More mail from Microsoft? -Delete

And that’s why Microsoft doesn’t understand the internet. They seem to believe they live in a world where the slightest annoyance isn’t met by a barrage of death threats. This is the place where developers like Phil Fish can be bombarded with hate mail against him and his family for not doing anything of consequence. In what world is a reputation system a good idea? How long until red cards will be paraded around as a point of pride among troll-hungry gamers, and will anyone actually care? Microsoft is trying to stay one step ahead of the game in terms of providing the best online service possible. Its an admirable goal, but this only shows how completely disconnected they are with reality. It’s a waste of time and money. Microsoft is no stranger to wasting money on its entertainment division, but this idea is just pathetic.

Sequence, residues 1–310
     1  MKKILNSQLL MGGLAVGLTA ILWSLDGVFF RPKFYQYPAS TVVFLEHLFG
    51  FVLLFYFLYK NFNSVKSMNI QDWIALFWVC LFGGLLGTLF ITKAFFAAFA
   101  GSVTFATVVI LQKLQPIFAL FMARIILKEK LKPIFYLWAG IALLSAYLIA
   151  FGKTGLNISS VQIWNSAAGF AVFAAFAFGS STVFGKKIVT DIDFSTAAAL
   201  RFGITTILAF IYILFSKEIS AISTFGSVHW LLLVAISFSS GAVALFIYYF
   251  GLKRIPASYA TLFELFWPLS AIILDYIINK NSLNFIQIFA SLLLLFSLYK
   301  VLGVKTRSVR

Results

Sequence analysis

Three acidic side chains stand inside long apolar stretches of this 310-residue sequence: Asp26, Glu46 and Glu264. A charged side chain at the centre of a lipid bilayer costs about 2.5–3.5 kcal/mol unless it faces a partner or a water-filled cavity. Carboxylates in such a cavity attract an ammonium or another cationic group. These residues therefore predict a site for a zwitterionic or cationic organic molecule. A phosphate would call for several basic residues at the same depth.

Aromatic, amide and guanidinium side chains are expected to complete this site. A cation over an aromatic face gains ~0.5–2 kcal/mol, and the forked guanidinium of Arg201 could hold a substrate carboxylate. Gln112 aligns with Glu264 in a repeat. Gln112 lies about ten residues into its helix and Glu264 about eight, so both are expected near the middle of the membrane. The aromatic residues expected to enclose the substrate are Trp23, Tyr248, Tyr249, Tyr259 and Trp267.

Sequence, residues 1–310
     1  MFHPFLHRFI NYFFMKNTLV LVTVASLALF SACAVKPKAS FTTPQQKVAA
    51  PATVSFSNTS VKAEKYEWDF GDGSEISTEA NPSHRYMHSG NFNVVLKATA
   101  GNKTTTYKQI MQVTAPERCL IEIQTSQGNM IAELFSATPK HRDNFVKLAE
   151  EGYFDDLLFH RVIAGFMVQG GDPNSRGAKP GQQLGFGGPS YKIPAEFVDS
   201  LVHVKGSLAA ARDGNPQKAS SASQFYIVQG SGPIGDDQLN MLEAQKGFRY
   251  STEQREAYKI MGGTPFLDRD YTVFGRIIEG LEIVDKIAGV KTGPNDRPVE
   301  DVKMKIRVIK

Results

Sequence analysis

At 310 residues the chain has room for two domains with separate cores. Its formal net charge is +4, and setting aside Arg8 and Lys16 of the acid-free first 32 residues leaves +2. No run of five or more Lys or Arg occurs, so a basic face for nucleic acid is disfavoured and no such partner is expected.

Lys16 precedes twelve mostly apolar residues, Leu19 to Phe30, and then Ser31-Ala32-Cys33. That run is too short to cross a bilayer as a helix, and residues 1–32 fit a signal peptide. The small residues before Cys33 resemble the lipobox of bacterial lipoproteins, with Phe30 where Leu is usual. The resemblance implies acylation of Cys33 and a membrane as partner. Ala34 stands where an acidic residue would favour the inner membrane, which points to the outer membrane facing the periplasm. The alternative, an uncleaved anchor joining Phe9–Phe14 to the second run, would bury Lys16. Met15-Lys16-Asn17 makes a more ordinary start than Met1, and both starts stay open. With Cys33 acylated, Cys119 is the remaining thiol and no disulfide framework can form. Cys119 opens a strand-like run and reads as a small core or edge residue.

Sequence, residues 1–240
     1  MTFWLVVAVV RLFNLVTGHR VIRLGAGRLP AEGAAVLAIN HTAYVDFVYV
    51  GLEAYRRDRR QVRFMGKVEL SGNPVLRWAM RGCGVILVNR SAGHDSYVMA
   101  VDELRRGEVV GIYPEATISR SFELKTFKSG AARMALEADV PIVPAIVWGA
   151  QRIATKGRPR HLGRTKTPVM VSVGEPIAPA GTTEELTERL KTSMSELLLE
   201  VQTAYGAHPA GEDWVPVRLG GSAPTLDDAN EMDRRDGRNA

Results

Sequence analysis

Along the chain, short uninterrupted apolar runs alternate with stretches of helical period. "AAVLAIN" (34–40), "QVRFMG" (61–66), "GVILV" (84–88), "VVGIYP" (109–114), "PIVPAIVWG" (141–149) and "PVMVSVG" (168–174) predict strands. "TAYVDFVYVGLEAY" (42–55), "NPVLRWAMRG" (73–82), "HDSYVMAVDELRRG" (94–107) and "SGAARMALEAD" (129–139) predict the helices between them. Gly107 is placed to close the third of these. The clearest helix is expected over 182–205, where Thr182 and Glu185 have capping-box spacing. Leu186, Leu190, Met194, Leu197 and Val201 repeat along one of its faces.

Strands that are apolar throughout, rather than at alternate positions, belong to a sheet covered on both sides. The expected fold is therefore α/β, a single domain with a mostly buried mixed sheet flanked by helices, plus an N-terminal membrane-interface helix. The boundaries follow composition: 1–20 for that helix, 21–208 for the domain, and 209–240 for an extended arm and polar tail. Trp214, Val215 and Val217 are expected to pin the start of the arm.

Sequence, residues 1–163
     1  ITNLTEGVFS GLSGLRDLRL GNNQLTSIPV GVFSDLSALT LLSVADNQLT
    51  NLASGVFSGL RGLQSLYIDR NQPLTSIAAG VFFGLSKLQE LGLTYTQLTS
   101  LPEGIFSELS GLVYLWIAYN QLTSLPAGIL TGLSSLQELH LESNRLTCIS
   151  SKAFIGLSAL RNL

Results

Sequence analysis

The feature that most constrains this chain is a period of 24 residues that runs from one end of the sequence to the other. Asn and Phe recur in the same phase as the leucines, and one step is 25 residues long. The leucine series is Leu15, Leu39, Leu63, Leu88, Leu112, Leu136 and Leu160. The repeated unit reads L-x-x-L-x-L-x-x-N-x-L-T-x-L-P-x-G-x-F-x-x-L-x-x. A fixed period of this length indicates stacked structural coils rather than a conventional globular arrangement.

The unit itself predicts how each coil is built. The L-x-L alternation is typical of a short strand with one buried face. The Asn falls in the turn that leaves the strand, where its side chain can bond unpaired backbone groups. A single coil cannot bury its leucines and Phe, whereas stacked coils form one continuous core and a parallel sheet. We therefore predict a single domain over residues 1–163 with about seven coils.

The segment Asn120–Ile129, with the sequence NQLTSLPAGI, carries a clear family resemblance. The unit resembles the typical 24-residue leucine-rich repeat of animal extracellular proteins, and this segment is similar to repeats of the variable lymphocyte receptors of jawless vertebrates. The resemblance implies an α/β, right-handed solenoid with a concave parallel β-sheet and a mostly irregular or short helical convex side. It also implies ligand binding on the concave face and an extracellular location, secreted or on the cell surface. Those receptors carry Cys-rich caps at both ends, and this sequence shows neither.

– Mistranslations for the Modern Gamer


2 thoughts on “Microsoft Doesn’t Understand the Internet – Playing Redlight Greenlight with Reputation

  1. Oh, good. The comment box is back. Anyway, I like this blog. Keep it up! This is how I keep up with the happenings in the gaming world. It's my supplement to the Show Me Your News podcast.I actually found you while goggling the Mass Effect 3 ending, and I was hooked by your DK retrospective.

  2. Thanks for the comment. It's always good to know people are reading. I didn't know that the comments were ever disabled, but I'm pleased to know that the problem solved itself.